Fadi and I were married on January 22, 2010 at our town hall. We had a small and intimate celebration and were genuinely excited about starting a new life together.
Several weeks after our wedding, Fadi received his temporary green card. We understood that this was just the start of a long process, although we didn’t yet understand how long it would be. Our situation seemed to be finally improving: With the temporary green card, Fadi was allowed to return to France and see the friends and relatives he hadn’t seen in over a year.
Our first step was to hire an immigration lawyer, which cost us nearly a thousand dollars. Our lawyer told us that we would need to start compiling hundreds of pages of proof of our relationship over the past three years. This wasn’t a problem: Over the past years we had amassed what seemed like thousands of photos, bills, and other “evidence.” But I don’t know how we would have done it without our lawyer’s guidance. The combination of incomprehensible legalese and a detailed morass of instructions meant that we could barely understand the steps we needed to take. We spent weeks compiling multiple affidavits, letters from family and friends, work authorization forms, and the results from Fadi’s medical examination.
Finally, we approached the date of our interview. After hearing horror stories, I was scared about forgetting the color of our shower curtains or what side of the bed Fadi slept on. But our interview went much smoother than I would have thought. Our interviewer asked about our family, about the timeline of our relationship, and about our wedding, all questions that were easy for us to answer. Yet I resented having to prove a true and loving relationship that had been challenged by the emotional and financial stress of the immigration process. After the successful interview, we told ourselves that if we could get through the multi-year, multi-step immigration process and stay married, we could get through anything.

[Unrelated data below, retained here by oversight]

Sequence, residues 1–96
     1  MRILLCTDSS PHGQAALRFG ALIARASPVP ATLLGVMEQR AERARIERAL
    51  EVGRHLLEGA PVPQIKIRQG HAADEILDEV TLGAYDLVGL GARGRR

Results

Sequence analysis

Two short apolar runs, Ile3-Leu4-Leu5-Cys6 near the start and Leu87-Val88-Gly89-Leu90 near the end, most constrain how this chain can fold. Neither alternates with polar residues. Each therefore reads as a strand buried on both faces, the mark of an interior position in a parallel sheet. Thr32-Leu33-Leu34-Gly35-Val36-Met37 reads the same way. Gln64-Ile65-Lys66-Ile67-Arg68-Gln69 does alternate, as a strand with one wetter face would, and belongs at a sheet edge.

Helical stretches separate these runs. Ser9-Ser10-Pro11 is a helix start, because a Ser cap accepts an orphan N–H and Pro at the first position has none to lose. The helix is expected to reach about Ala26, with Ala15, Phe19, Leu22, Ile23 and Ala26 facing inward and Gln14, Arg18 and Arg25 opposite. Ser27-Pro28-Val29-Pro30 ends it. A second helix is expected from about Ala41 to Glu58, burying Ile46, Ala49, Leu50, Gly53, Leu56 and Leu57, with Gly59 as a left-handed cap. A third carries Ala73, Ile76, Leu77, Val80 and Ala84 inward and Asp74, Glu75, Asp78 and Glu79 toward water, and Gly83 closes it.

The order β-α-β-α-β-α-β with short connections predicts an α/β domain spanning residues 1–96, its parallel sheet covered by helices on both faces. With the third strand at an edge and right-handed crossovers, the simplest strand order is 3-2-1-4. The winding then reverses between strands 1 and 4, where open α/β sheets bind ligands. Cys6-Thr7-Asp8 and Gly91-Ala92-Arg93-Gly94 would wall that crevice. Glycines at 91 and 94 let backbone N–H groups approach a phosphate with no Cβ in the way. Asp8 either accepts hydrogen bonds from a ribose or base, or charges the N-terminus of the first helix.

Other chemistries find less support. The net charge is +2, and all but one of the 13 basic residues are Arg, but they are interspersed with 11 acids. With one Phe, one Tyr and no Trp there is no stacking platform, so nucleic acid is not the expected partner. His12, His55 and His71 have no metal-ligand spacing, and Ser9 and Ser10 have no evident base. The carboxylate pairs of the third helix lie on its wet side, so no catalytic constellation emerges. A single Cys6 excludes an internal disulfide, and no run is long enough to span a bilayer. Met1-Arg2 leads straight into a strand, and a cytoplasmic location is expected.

Fadi received his permanent green card several months after our interview. Our application cost approximately $1200, plus an additional $1000 for the lawyer, and several hundred in additional expenses. On top of the application costs for Fadi’s green card, we suffered a much larger financial cost during the six months that he was not allowed to work. All together, the amount of money we lost during this time could have been a nice down payment on our first house, totaling around $15,000 or more. Of course, we couldn’t put a price on the emotional toll of the process.
Two years after our hasty wedding, Fadi applied for permanent resident status and resubmitted an application. At the time, I was pregnant with our first child. We received a phone call from a caseworker stating that we did not have enough proof to move his case forward. Angry and emotional, I sent USCIS my most recent sonogram and wrote a letter attesting that Fadi was the father of my unborn child. It was utterly humiliating to have to write this letter, but it worked. Fadi received permanent resident status soon after.
Fadi, Elizabeth and little Theo, a happy family after all.
Our long journey through immigration has not yet come to an end. Although he could apply, Fadi has not submitted his application to become an American citizen because we can’t afford the fee right now. This much is evident to us: the American immigration system supports the rich and is closed to those who cannot afford it. But we are lucky. Because I am an American citizen, we could go through this process. So many others are not so fortunate. What if we hadn’t had the money to spend? What if we hadn’t been able to send UCIS a sonogram as additional “proof”? These questions point to the many different life circumstances the American immigration system cho…